Social pain literally changes the way the mind works. Spearheaded by John Cacioppo, the late neuroscientist who studied loneliness for nearly two decades at the University of Chicago, researchers have found convincing evidence that when the condition is prolonged, it puts the brain into self-preservation mode. This is what makes loneliness such a tragedy — and a trap. Hypervigilant to social threats, the lonely brain detects them everywhere, wreaking havoc on the body by putting the nervous system on constant alert and spurring further isolation.
A recent nationwide survey of 20,000 adults found that nearly half of Americans report feeling alone or left out some or all of the time. What is often missed in the corresponding coverage, says Steve Cole, a genetics researcher at UCLA who frequently collaborated with Cacioppo, is that loneliness is not aloneness. Instead, it’s the subjective feeling that you lack meaningful relationships or a solid support system, an important distinction.
Modern life is studded with situations that sever us from our social network. Going to college, relocating for a job, losing a family member, becoming a new parent: All can momentarily thrust us into a state of social pain. “In the literature, there is a distinction between the chronically lonely and the temporally lonely,” says Alice Wang, an associate marketing professor at the University of Iowa’s Tippie College of Business whose work focuses on the effects loneliness and social exclusion have on consumer behavior.
Unlike chronically lonely people, those who are situationally lonely — a good example is a first-semester college student who is removed from her friends and family — haven’t sunk into learned passivity. Instead, they hunger for connection. For this group, Wang says, connection-based services could help.
For the chronically lonely, it’s likely not enough. Placing someone whose brain is in overdrive into a social setting with strangers “could actually make things worse,” Cole says. These companies are attempting to address a clear societal need, but “we get confused by the hunger and what it’s for.”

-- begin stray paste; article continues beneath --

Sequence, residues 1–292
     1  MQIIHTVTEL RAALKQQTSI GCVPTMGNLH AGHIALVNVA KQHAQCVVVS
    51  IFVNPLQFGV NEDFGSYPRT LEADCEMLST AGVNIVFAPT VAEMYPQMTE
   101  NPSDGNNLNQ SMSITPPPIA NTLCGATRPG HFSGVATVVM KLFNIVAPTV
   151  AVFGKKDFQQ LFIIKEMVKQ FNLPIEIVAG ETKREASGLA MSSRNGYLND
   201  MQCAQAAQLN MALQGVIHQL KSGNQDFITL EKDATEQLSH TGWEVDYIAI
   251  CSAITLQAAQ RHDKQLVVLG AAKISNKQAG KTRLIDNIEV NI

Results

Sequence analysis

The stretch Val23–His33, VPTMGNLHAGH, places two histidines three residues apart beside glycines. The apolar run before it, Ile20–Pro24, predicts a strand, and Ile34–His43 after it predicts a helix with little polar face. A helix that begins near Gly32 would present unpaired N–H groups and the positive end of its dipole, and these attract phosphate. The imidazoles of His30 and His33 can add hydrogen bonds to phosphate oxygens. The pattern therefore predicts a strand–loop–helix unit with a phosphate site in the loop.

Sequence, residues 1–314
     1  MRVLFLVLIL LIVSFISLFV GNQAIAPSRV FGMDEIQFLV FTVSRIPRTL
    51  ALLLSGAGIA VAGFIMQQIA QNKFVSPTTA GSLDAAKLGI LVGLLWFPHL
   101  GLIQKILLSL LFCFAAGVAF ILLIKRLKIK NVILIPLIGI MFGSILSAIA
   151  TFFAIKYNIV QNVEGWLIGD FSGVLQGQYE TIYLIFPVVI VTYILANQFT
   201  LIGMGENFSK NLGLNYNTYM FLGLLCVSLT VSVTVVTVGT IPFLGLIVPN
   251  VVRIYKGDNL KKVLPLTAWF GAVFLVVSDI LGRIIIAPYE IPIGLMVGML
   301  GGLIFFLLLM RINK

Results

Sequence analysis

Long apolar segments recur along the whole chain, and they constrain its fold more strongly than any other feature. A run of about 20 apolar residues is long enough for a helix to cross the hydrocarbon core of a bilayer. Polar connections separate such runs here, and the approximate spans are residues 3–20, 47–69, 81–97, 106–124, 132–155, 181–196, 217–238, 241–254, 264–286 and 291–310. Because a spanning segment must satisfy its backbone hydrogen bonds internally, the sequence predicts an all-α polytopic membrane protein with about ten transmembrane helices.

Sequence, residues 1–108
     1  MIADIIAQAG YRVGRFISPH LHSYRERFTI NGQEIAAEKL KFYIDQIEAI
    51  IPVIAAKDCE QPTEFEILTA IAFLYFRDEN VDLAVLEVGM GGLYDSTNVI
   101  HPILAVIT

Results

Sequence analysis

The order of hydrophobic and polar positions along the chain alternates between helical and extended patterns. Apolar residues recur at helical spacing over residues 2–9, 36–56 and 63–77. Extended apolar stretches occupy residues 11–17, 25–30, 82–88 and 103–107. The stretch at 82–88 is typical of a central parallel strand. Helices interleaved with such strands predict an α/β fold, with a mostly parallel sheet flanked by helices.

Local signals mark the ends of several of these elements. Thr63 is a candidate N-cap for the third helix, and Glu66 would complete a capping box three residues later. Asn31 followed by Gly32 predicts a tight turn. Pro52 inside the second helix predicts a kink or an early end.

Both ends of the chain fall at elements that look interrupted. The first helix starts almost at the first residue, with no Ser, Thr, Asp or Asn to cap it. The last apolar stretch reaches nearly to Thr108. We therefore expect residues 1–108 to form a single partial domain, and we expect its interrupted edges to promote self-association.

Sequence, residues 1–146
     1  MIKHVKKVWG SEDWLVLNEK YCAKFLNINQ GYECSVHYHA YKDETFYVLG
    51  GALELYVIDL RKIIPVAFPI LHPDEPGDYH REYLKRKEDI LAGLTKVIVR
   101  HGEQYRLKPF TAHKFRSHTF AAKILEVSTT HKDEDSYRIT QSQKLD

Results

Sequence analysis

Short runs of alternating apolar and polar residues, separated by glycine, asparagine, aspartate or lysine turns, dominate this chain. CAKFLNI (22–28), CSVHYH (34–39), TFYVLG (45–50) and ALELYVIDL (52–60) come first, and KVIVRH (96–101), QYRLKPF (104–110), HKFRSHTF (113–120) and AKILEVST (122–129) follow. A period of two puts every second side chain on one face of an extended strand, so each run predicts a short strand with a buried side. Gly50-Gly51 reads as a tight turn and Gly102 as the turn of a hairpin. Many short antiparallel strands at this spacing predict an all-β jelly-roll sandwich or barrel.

In 2009, at the age of 23, Olivia June decided to move to San Francisco. She lacked any concrete career plans and liked the city, and, most importantly, her aunt let her crash rent-free.
The transition was a lonely one. She didn’t have close friends in the area, and without a job, she didn’t make any. Days and weekends passed in a blur of TV marathons. (America’s Next Top Model was a particular favorite.) June remembers looking wistfully out the window as groups of laughing, sunlit girls passed by on their way to brunch or yoga and wondering: How do I get to know them? How do I become them? She was deeply lonely but resisted even identifying the feeling because it felt too shameful.
About a month after she moved, she tried “hacking” OkCupid by messaging girls she saw on the app and asking if they’d be down to hang out platonically.
“I got a lot of rejections,” she said.
June did manage to go on a few friend dates this way, and slowly made more acquaintances by chatting up people at the bus stop, in line at her local coffee shop, and while volunteering. Still, she struggled to find “my people.” In 2012, in an effort to cast a wider net, she began hosting monthly happy hours at wine bars around the city. Talking to people at these events, she realized feelings of loneliness and isolation were widespread.
In 2015, June founded Hey Vina, an app for helping women develop new friendships. The response was enthusiastic. Within hours, she had more than 1000 sign-ups; within a week, she had more than 100,000. Today, the app has more than 1 million users and is available in 158 countries.
As Hey Vina was launching, the dating site Bumble was fielding requests from users who wanted a convenient way to make platonic connections, not just romantic ones. “Once you leave college, it’s not easy to make friends anymore,” says chief brand officer Alex Williamson. In 2016, the company unveiled Bumble BFF, a feature designed for women looking to do exactly that.
When Stephanie Laurie, 24, a senior accountant at the Seattle-based firm Moss Adams, moved in with her boyfriend last year, she found herself in this group. “I’m at a point in my life where I’ve realized a lot of the friendships I’ve made are kind of shallow,” she says, including a handful of college relationships based primarily on drinking and partying. Now that she’s living with her boyfriend, she’s begun to think more seriously about weddings, specifically, “if I were to get married anytime soon, who would I ask to be my bridesmaids? Who would say yes? Who would make the time and commitment to be able to say yes?” she says. “I’m coming up short.”
She signed up for Bumble BFF last June. Her first impression was that ghosting was just as bad, if not worse, on Bumble BFF than on Bumble proper. There were a lot of seemingly cool people on the app, but it was difficult to meet anyone in person. She’d match with someone promising, exchange texts, and arrange a coffee date — only to be canceled on, often with little notice. “The first time I was like, ‘What a flake,’” she says. “But this happened at least six times!” (Ghosting on Bumble BFF is a problem, conceded Williamson, one that they’re working to address. “We are a values-driven company and ghosting goes against every single one of those values.”)